But unfriendly countries, as they say, do not doze off. Just before we arrived, U.S. Vice President Kamala Harris visited Tanzania and also visited Ghana and Zambia. U.S. Secretary of State Anthony Blinken visited Ethiopia and Niger in March. U.S. First Lady Jill Biden visited Africa in February (Namibia and Kenya), Treasury Secretary Janet Yellen visited Senegal, Zambia and South Africa in January, and U.S. Ambassador to the United Nations Linda Thomas-Greenfield visited Ghana, Mozambique and Kenya in January.

From the outside, all this looks like a kind of diplomatic blitzkrieg. Its goals are quite obvious: first of all, it is to deter Russia and China and to counteract the strengthening of their influence in Africa. The propaganda wrapper is arguments about the confrontation between the forces of "democracy" and "authoritarianism" in the modern world, especially in the context of the events in Ukraine, although even the American press admits that such "lectures on democracy" by Western leaders are a little tired of their African colleagues.

Many commentators, including Politico in Washington and The South China Morning Post in Hong Kong, have interpreted Harris' trip as an attempt to "reset" relations between the US and Africa. I will say more about the reaction of Africans to this effort, which I actually tried to grasp for myself during my trip. For my part, on occasion I reminded my interlocutors what an overload for the whole world the 'reset' of American-Russian relations proclaimed by Joe Biden during the Obama administration has turned out to be.

Although Africans know and understand this very well themselves. Americans, too, admit that the task they face in Africa is not easy, and not only because of former U.S. President Donald Trump's infamous derogatory remarks about the continent's countries, which he compared to latrines. In an op-ed on Harris' trip, The New York Times points out, in particular, that the United States "has a difficult time playing ally [to Africa] while at the same time fulfilling President Biden's pledge to take action against foreign governments that promote anti-LGBTI (LGBTQ) laws and restrict human rights." For example, according to the publication, Uganda is already facing American "economic penalties" because of this.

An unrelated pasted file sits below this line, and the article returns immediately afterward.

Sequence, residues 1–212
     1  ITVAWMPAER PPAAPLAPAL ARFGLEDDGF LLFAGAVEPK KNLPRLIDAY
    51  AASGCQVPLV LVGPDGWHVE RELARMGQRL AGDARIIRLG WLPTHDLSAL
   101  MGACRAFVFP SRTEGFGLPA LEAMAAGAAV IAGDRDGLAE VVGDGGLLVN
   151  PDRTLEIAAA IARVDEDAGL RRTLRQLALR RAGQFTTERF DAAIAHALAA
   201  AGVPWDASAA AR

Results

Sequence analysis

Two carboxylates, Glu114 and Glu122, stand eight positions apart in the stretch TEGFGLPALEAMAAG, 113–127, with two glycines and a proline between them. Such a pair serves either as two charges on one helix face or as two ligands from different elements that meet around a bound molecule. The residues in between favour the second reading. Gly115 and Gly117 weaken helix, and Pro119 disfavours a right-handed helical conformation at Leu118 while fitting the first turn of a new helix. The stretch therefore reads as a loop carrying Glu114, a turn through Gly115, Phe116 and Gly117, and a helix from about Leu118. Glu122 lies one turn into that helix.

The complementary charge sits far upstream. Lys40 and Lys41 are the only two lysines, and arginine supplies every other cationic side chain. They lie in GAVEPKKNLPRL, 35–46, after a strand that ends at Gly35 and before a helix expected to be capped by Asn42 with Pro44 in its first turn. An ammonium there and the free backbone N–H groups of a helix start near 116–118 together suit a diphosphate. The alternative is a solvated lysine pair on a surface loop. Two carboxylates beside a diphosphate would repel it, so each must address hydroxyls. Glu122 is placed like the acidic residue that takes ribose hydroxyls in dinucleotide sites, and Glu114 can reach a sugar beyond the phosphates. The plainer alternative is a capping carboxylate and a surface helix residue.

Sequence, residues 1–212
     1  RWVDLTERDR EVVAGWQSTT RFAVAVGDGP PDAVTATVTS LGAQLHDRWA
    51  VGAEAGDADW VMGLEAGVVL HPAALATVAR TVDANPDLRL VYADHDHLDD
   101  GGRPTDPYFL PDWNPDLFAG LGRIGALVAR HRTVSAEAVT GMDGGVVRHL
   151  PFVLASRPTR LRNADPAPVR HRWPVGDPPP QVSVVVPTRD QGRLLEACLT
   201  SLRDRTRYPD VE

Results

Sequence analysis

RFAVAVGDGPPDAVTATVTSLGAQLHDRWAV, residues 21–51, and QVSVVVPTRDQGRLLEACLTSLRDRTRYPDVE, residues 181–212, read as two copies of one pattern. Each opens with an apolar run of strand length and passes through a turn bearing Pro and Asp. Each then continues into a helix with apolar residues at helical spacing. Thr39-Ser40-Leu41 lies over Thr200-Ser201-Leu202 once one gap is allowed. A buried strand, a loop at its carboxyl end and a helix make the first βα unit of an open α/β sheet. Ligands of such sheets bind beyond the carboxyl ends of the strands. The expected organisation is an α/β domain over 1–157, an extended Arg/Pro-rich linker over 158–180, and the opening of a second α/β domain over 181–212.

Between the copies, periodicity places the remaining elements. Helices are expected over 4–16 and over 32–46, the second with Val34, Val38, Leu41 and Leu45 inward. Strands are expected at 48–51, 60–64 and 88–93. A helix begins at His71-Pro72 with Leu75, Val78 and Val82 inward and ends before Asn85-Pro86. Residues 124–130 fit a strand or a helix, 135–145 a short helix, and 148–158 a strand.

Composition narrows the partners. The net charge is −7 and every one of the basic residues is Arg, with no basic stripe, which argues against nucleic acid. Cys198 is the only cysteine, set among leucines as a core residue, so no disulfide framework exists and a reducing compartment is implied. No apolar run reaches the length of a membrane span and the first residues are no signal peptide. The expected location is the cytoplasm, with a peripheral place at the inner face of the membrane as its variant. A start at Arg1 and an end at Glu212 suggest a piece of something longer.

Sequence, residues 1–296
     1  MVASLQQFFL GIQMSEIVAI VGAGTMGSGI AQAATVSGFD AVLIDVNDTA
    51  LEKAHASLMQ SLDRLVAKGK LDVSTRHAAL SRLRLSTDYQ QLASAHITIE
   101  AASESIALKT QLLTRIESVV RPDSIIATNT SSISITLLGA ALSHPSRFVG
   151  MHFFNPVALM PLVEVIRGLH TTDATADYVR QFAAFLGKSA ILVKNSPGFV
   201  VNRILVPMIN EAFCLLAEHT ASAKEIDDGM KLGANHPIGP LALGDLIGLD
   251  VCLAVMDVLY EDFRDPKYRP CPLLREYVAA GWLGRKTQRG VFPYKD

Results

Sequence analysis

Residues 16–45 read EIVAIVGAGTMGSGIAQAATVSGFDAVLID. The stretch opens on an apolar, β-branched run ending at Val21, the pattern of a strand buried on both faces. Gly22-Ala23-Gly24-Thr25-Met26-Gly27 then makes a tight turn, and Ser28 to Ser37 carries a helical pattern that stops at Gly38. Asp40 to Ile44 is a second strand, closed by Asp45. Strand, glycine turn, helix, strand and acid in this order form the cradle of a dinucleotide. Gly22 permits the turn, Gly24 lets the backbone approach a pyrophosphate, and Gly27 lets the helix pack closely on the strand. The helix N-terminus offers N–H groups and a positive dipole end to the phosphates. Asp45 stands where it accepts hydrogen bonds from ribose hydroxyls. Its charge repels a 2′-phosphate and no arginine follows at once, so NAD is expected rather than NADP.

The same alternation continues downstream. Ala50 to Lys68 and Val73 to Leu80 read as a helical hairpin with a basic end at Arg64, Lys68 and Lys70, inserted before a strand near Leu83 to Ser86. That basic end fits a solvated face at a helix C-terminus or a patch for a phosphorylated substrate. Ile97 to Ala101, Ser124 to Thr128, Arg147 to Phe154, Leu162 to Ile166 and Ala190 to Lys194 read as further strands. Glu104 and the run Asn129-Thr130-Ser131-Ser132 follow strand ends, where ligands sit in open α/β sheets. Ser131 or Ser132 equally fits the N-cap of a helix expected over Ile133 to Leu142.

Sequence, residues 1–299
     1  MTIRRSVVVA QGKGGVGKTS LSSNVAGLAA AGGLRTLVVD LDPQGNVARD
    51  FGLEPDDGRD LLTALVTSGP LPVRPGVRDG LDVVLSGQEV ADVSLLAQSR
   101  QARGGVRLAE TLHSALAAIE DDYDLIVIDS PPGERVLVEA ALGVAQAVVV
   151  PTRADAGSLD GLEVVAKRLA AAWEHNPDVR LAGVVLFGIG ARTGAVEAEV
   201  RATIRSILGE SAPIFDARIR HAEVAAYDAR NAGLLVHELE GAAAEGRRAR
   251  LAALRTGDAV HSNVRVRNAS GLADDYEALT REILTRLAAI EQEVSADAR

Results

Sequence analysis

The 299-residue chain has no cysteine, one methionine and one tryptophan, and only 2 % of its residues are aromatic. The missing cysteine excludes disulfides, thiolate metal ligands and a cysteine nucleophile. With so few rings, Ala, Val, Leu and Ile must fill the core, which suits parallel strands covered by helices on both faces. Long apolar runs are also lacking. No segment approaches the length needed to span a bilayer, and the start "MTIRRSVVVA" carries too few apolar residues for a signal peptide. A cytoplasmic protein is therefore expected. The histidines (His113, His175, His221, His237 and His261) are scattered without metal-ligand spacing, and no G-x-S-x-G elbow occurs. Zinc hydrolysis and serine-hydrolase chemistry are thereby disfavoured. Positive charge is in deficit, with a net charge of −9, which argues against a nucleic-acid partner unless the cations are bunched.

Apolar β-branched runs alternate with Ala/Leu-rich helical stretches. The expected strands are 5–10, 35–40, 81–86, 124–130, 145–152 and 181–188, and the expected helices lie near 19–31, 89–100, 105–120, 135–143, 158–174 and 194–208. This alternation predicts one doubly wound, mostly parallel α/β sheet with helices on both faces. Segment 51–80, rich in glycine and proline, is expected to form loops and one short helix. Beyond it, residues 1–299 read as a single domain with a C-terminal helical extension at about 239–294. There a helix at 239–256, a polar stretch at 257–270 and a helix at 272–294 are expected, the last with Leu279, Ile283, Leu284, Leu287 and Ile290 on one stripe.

The newspaper reminds us that the U.S. has historically focused on so-called "anchor states" in Africa, i.e. "large or financially influential countries that are vital to regional stability. Beijing, in contrast to Washington, "diligently pays diplomatic attention even to small African countries," building relations of "sustainable strategic diplomatic and economic partnership" with them. It is no coincidence that China's Foreign Minister has paid his first visit to Africa after the new year for more than three decades.

Such political consistency is paying off. According to The New York Times, for all three countries Harris visited, China is "either the first or the second largest trading partner, far ahead of the United States. Tanzania, in particular, has already reached the level of a comprehensive strategic partnership with the PRC. This was the result of last November's visit to Beijing by African President Samia Suluhu Hassan and her meetings and talks with Chinese President Xi Jinping, when major new trade and economic agreements worth billions of dollars were announced.